Forest tribes Hakki Pikkis and Iruligas of bannerghatta are not able to avail the crop loss compensation of elephant conflict. At the time of their rehabilitation in 1960s, 350 acres of land for agriculture was allotted to them.
Bengaluru March 12th : Paridhi Jain
As per the residents of the colony, last year in their village, 10 to 15 houses suffered crop losses and each house had a loss of at least Rs 10,000 to 20,000. As per the forest department, these tribes do not have documents for the allotted land. They cannot therefore apply for compensation for crops damaged by elephants in the area. Last year there were at least 1200 elephant conflict cases in Bannerghatta national park.
Ramesh HP is a resident of the colony. He says, “We suffer losses in our ragi crops due to crop damage by elephants. We filed for compensation but forest department says, show papers.”
Forest department says they cannot proceed with compensation as they lack the RTC (Record of Rights, Tenancy and crops). They had provided Rs 70 lakh compensation to the farmers in the other villages of the national park last year. In 2016, the disputed land was transferred from forest to Revenue department. In 2019, beneficiaries were identified by Revenue department but title deeds have still not been handed over.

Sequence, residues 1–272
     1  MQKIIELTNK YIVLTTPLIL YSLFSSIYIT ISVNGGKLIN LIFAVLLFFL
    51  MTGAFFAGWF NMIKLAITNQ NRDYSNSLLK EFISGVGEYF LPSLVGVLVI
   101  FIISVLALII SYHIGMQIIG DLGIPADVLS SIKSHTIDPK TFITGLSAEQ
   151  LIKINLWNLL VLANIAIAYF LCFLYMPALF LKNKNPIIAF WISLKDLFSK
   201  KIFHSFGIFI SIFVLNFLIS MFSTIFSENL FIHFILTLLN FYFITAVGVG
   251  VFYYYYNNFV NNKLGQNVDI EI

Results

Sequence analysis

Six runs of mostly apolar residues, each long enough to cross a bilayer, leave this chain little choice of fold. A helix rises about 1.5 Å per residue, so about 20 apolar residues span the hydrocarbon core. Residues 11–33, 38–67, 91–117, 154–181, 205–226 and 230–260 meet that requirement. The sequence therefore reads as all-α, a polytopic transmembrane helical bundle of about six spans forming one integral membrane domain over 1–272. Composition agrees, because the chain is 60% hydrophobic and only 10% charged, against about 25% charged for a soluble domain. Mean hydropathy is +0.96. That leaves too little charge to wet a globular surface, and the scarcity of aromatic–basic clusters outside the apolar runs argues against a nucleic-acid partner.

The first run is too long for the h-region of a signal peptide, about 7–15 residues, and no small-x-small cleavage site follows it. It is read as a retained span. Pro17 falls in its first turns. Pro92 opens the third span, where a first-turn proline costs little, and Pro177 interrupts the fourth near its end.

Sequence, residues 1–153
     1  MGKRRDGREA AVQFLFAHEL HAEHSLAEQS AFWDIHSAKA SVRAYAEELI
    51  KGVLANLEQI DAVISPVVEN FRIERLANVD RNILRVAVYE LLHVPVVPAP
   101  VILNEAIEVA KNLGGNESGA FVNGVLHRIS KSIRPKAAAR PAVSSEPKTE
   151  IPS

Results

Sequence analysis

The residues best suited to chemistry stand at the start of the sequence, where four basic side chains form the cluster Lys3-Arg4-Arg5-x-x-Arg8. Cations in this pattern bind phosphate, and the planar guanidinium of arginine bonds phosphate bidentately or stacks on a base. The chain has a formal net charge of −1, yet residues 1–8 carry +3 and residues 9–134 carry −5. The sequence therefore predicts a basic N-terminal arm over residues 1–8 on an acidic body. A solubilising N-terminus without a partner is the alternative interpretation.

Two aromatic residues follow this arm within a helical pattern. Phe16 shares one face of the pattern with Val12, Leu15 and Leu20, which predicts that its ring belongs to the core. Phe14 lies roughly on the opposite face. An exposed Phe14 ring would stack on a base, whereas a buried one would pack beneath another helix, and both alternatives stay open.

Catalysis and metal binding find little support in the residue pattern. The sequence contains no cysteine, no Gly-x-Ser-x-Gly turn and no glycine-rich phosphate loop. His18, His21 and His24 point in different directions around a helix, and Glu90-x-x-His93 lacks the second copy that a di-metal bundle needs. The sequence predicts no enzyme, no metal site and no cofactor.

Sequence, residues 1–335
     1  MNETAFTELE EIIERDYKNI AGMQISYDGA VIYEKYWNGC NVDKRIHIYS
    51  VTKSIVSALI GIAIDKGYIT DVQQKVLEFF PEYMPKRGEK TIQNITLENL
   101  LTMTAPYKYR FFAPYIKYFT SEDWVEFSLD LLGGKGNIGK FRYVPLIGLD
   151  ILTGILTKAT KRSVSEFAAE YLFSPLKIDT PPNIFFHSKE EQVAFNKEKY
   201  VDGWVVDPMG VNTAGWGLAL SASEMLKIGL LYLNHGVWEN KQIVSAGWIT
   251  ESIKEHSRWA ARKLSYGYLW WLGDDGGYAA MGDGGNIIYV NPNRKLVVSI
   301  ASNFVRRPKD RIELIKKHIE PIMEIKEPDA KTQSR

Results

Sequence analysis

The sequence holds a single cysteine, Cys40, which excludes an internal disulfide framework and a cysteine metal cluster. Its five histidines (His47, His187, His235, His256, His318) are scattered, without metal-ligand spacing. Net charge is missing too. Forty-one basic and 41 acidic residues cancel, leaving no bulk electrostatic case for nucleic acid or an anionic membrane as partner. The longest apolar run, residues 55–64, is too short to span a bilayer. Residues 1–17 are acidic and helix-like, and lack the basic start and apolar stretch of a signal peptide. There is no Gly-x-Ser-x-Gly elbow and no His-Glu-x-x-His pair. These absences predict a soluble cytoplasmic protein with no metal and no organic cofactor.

As per the Revenue department, they had planned to give papers to 114 identified families in 2020. But Hakki Pikki committee later filed a case in court saying that there are more families. Now the case is stuck in the high court.
Madhu Bhushan is an independent writer and activist working on Hakki Pikkis since many years. She is also national award winner for the documentary on these tribes. She explains further, “Revenue department continued to delay in identifying beneficiaries. Solution is they must hand over the land immediately in name of beneficiaries. The funds should be released from Tribal welfare department or the commission for nomadic communities for their development so they can make wells or bunding in their fields.”
As pe the experts, these vulnerable communities’ rehabilitation process should be fastened immediately so they are able to benefit the most.